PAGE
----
Trans­fer­ring pris­on­ers to heal­ing lodges to be re­stricted, Goodale says

The Recorder & Times (Brockville) - - NATIONAL NEWS -

OT­TAWA — Fed­eral pris­on­ers will have a harder time be­ing trans­ferred to Indige­nous “heal­ing lodges” if they’re serv­ing long sen­tences, Pub­lic Safety Min­is­ter Ralph Goodale said Wed­nes­day.

The move comes af­ter pub­lic anger that Terri-Lynne McClin­tic, con­victed of mur­der­ing eightyear-old Tori Stafford, was moved to a heal­ing lodge in Saskatchewan from a tra­di­tional prison.

McClin­tic was eight years into a life sen­tence for the ab­duc­tion, rape and mur­der of the On­tario girl. Her first el­i­gi­bil­ity for pa­role won’t come un­til she’s served 25 years.

Un­der new rules an­nounced Wed­nes­day, pris­on­ers won’t be el­i­gi­ble for trans­fers to heal­ing lodges with­out se­cured perime­ters un­til they’re into the “prepa­ra­tion for re­lease” phases of their sen­tences.

The Cor­rec­tional Ser­vice of Canada will also have to con­sider in­mates’ be­hav­iour and how close they are to be­ing el­i­gi­ble for un­escorted tem­po­rary ab­sences from prison be­fore trans­fer­ring them.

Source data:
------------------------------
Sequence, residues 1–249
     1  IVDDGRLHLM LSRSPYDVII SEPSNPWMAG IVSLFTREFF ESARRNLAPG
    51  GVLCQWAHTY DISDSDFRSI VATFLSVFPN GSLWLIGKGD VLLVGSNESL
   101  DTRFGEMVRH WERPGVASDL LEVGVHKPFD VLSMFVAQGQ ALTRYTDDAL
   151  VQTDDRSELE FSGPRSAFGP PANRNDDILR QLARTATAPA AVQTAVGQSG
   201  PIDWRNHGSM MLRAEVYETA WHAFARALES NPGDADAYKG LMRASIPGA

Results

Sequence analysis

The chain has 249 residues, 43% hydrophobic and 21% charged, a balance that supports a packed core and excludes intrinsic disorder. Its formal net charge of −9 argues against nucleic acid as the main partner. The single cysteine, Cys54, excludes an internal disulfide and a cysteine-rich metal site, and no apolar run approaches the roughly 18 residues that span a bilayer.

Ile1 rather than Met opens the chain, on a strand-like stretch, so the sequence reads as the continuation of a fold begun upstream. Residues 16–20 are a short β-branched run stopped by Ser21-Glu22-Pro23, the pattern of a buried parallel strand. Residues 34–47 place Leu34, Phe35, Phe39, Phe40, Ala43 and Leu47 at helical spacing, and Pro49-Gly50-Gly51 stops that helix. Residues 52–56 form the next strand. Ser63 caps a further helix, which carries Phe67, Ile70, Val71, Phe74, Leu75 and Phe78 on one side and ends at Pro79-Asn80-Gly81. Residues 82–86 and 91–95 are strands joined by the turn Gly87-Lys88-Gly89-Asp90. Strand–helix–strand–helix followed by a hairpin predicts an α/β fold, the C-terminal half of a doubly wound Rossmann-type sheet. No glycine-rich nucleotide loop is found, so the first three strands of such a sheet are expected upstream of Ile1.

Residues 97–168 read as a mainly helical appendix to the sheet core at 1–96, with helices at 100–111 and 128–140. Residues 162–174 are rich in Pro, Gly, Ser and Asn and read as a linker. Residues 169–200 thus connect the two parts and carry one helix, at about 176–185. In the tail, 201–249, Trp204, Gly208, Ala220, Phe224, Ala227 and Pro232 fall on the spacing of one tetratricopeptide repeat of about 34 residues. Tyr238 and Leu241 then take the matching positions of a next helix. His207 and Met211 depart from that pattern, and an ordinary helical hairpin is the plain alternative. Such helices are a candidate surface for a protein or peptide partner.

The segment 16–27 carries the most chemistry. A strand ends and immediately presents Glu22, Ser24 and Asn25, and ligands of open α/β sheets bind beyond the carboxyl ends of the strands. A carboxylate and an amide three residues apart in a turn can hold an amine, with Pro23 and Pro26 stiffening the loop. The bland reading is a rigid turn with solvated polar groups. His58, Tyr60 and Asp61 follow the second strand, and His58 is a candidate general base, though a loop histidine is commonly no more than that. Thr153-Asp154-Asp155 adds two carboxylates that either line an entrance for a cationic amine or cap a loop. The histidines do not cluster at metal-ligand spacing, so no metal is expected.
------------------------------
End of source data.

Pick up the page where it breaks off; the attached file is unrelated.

In ad­di­tion, the deputy com­mis­sioner for women will be in­volved in de­ci­sions to en­sure na­tional stan­dards are ap­plied con­sis­tently and rel­e­vant fac­tors are con­sid­ered.

The changes will ap­ply to past and fu­ture cases.

Heal­ing lodges are meant to help with Indige­nous in­mates’ re­ha­bil­i­ta­tion and to get them ready to re­turn to their com­mu­ni­ties. Goodale said the gov­ern­ment will con­tinue to pro­mote “their valu­able role” in fed­eral cor­rec­tions.

There is also a need for the Cor­rec­tional Ser­vice “to in­crease the level of pub­lic aware­ness” about how it makes de­ci­sions, Goodale told re­porters.

“These are de­ci­sions that are not taken lightly or capri­ciously. They are based on ev­i­dence and sound prin­ci­ples, and there needs to be a higher level of un­der­stand­ing of that.”

In ad­di­tion, there must be more mean­ing­ful and use­ful com­mu­ni­ca­tion with vic­tims given the an­guish they have suf­fered, he said.

“They need to know that their per­spec­tive is be­ing prop­erly re­spected.”

SEAN KIL­PATRICK/THE CANA­DIAN PRESS

Pub­lic Safety Min­is­ter Ralph Goodale stands dur­ing ques­tion pe­riod in the House of Com­mons on Par­lia­ment Hill in Ot­tawa on Tues­day.

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